Figure
I

5
Reinforced Concrete Column
Before and A
fter Kobe (1995) Earthquake
Lack of bond between the reinforcement and the surrounding concrete may also lead to trouble.
Imagine
,
for instance
,
that the bars
in the beam we described before
are covered with
grease
before concrete is cast around
t
hem
.
Y
ou must admit that to expect those bars to be of help
would be to expect too much. The bars can only be of help if the concrete can transfer forces to
them
so that the reinforcement can resist tensile forces where the concrete has cracked.
That
Plain Concrete
D
e
f
l
e
c
t
i
o
n
L
o
a
d
C
r
a
c
k
i
n
g
A
B
8
transfer
is not going to
be
efficient if there is
grease
in
between the concrete and the
reinforcement.
The lack of bond would render
the reinforcement useless.
I

2
H
ow W
e Build.
Figure
I

6
Structural System
I

3
H
ow W
e Design.
Service
Ultimate
I

3.1
Serviceability

Control of crack widths

Control of deflections
I

3.2
Strength
I

4
Exercises
.
1.
2.
3.
4.
9
Chapter II
Material
s
II

1
Unit Stress and Unit Strain
II

2
Steel
II

2.1
Geometrical Properties of Standard Bars
II

2.2
Mechanical Properties:
Unit
Stress vs.
Unit
Strain for Static
Loads
Figure XXX shows a representative stress

strain curve for reinforcement.
II

3
Concrete
II

3.1
Tensile Strength
II

3.2
Modulus of Rupture
The modulus of rupture is related to but not
the same as the tensile strength of the concrete. In
effect, the modulus of rupture is an abstract quantity determined from bending test of a concrete
beam. At cracking, the distribution of tensile
unit
stress over the cross

section of the beam is not
0
10000
20000
30000
40000
50000
60000
70000
80000
90000
100000
0
0.05
0.1
0.15
0.2
Unit Strain
Unit Tensile Stress, psi
s
h
y
10
lin
ear (
Figure
II

1
) but the modulus of rupture is calculated assuming that it is linear. The
modulus of rupture is therefore expected to be approximately 50 % higher than the tensile
strength. The error would be compensated in appli
cations to beams with rectangular sections. But
we need not be preoccupied with this error because there are many other factors that affect the
actual tensile strength. For example, presence of longitudinal reinforcement would cause the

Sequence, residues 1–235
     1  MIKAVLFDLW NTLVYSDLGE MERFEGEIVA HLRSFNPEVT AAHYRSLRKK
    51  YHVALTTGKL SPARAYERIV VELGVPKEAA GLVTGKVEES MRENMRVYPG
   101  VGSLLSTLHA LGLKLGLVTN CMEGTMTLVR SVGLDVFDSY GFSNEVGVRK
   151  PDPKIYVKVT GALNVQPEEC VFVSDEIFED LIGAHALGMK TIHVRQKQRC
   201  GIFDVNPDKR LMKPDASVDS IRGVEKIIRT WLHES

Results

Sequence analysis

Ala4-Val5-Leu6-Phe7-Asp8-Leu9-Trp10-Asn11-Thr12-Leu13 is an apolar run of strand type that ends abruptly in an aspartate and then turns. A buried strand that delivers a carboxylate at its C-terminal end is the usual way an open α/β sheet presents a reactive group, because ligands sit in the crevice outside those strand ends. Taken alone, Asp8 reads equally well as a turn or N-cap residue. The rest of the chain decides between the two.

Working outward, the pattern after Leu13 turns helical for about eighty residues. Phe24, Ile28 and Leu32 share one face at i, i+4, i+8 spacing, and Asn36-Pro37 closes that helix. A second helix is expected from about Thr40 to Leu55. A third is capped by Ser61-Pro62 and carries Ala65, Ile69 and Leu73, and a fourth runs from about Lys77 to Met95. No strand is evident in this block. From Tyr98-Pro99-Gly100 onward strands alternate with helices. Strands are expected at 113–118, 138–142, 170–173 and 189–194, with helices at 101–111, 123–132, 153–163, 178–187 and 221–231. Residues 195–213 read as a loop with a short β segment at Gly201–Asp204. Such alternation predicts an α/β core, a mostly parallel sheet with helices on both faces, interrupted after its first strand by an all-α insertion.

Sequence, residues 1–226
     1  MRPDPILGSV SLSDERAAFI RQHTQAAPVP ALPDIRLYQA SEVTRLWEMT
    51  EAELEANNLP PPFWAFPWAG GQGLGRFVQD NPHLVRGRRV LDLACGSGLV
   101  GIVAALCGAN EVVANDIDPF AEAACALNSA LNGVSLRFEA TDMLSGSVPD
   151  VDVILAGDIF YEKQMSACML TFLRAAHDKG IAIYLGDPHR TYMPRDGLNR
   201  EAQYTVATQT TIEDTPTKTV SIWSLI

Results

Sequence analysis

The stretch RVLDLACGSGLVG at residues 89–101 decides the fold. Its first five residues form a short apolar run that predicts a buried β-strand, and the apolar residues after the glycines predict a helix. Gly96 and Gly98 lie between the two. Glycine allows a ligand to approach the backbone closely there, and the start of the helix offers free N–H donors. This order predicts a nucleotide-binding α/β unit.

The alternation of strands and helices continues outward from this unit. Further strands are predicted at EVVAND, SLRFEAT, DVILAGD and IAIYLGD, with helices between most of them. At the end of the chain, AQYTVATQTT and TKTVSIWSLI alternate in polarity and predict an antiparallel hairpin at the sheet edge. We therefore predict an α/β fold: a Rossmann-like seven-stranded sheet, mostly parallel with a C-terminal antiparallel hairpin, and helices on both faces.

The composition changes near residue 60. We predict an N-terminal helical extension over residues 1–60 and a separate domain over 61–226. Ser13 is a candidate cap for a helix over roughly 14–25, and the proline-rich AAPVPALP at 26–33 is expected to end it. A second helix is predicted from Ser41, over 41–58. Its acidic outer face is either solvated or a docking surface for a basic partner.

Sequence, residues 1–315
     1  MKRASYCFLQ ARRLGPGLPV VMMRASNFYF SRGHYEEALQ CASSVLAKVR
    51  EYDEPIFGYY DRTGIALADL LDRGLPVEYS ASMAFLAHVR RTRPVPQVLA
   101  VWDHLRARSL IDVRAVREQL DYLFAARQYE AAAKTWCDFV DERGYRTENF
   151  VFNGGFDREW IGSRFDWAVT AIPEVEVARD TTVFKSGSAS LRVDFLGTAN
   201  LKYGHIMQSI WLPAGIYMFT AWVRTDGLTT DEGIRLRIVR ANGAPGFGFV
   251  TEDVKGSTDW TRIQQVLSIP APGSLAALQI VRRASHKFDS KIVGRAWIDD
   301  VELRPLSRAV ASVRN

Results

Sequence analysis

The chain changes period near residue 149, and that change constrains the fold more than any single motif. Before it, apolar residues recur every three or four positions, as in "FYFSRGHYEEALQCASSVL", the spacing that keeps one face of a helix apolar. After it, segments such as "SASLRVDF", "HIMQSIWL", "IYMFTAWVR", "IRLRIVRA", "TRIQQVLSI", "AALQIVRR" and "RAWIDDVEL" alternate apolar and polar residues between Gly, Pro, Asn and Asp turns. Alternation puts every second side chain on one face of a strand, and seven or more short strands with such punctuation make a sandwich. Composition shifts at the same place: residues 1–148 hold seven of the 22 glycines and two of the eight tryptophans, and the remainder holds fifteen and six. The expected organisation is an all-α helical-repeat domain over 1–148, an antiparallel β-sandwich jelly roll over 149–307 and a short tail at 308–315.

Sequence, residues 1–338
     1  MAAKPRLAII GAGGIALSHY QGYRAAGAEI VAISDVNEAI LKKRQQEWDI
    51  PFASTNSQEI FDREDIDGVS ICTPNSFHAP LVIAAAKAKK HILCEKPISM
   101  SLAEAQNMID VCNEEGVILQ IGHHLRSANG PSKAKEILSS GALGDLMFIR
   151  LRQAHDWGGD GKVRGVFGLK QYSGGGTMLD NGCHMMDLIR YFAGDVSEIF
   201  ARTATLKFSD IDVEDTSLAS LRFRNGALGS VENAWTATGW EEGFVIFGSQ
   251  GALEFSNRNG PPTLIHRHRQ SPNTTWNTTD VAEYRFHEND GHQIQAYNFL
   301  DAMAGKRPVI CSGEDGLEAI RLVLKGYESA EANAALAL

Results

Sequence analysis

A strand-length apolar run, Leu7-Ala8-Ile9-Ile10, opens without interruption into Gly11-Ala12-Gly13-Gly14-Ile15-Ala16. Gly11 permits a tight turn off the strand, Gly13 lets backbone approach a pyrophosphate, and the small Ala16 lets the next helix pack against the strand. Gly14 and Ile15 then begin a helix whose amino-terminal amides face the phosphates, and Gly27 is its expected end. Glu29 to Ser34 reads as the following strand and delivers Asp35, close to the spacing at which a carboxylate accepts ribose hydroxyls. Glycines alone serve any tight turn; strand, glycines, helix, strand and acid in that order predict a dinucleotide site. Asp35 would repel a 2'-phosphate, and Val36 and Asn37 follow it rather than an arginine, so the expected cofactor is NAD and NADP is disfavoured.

concrete to incur t
ensile
unit stress
es if the concrete shrank, and this
unit stress
would reduce the
effective tensile strength. What we need to remember is that the calculated cracking moment is
always an approximate quantity.
Figure
II

1
Unit
Strain and
Unit
Stress
Distributions at Cracking
In
reinforced concrete design in the
US, it is customary to assume the
modulus of rupture
for
normal weight concrete to be related to the compressive str
ength
f
r
7.5
f'
c
II

1
with the understanding that f
c
is in psi and the value of
c
f
is also in psi.
Keep in mind that the modulus of rupture can be smaller than indicated by
Eq.
II

1
. Eq.
II

1
is a
reference value; a convention. A reasonable lower bound to the modulus of rupture is closer to
c
'
f
6
.
II

3.3
Compressive Strength
Cylinder
Strength
Figure 7a
shows a measured stress

strain curve for a concrete cylinder
in compression. The peak stress is 4
ksi and we refer to it as f
c
’. We note
that, up to a stress of approximately
0.5f
c
’ (2 ksi for the case considered),
the slope of the curve is nearly
constan
t. It can be represented by a
straight line. We shall therefore
limit the use of expressions 15 and
16 to cases in
which the
maximum stress in the concrete
does not exceed 1/2 the peak stress.
0
0.5
1
1.5
2
2.5
3
3.5
4
4.5
0.000
0.001
0.002
0.003
0.004
0.005
0.006
0.007
Unit Strain
Unit Stress, psi
ksi
11
Beyond that stress, stiffness decreases with increase in strain
(concrete softens) until a peak value
is reached at a compressive strain of approximately 0.002. As strain increases beyond that value,
stress tends to decrease. The rate of decrease depends on the quality and strength of the concrete
as well as the rate
and method of load application.
Ritter defined the initial portion of the stress

strain curve for concrete by a parabola known as the
Ritter Parabola
. Hognestad
recognized the limited plasticity in concrete by extending the curve
defined by Ritter, with a
straight line having a negative slope, to a useful limit of compressive